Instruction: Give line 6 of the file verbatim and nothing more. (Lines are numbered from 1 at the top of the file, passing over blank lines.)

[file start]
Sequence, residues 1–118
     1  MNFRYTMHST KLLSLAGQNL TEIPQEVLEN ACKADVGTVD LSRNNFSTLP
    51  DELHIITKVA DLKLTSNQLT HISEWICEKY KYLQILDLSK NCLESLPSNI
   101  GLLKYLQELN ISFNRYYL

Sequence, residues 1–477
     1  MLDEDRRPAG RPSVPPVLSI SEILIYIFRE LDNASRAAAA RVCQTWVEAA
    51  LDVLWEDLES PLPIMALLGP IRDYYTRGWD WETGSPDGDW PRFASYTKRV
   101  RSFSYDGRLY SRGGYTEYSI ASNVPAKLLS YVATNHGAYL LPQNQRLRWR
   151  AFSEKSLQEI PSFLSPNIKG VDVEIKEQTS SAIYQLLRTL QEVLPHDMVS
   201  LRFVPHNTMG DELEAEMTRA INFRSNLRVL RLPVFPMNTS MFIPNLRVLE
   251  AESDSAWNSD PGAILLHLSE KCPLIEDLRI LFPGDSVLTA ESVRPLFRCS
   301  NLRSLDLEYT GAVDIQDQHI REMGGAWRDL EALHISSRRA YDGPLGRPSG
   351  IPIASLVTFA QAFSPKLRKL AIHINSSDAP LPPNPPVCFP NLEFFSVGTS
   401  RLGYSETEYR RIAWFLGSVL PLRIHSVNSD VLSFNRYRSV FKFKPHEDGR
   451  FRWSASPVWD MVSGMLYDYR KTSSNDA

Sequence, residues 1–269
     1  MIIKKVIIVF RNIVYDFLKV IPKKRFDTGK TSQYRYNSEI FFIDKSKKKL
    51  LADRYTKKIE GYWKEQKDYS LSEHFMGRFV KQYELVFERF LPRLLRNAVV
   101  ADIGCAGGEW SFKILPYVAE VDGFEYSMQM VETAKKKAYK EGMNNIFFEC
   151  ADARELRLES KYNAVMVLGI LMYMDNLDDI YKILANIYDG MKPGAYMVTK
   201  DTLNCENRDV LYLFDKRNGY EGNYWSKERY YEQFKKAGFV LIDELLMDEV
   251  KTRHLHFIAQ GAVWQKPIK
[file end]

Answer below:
     1  MLDEDRRPAG RPSVPPVLSI SEILIYIFRE LDNASRAAAA RVCQTWVEAA